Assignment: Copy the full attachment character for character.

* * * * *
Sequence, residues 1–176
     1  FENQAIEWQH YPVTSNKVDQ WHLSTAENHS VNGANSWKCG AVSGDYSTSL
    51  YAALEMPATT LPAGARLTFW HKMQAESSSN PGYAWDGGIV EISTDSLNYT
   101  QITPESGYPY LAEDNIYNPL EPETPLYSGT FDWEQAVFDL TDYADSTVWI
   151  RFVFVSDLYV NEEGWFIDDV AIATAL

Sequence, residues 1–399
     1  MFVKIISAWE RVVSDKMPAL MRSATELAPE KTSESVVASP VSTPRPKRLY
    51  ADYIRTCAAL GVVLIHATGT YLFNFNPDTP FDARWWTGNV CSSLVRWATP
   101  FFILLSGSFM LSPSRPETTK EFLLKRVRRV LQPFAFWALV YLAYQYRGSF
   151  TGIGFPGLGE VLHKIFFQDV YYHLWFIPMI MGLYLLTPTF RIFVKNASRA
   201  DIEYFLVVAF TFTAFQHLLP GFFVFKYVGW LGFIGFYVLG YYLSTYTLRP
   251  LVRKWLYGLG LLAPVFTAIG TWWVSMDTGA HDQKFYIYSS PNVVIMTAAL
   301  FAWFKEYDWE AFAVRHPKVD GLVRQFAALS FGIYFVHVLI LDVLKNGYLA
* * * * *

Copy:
Sequence, residues 1–176
     1  FENQAIEWQH YPVTSNKVDQ WHLSTAENHS VNGANSWKCG AVSGDYSTSL
    51  YAALEMPATT LPAGARLTFW HKMQAESSSN PGYAWDGGIV EISTDSLNYT
   101  QITPESGYPY LAEDNIYNPL EPETPLYSGT FDWEQAVFDL TDYADSTVWI
   151  RFVFVSDLYV NEEGWFIDDV AIATAL

Sequence, residues 1–399
     1  MFVKIISAWE RVVSDKMPAL MRSATELAPE KTSESVVASP VSTPRPKRLY
    51  ADYIRTCAAL GVVLIHATGT YLFNFNPDTP FDARWWTGNV CSSLVRWATP
   101  FFILLSGSFM LSPSRPETTK EFLLKRVRRV LQPFAFWALV YLAYQYRGSF
   151  TGIGFPGLGE VLHKIFFQDV YYHLWFIPMI MGLYLLTPTF RIFVKNASRA
   201  DIEYFLVVAF TFTAFQHLLP GFFVFKYVGW LGFIGFYVLG YYLSTYTLRP
   251  LVRKWLYGLG LLAPVFTAIG TWWVSMDTGA HDQKFYIYSS PNVVIMTAAL
   301  FAWFKEYDWE AFAVRHPKVD GLVRQFAALS FGIYFVHVLI LDVLKNGYLA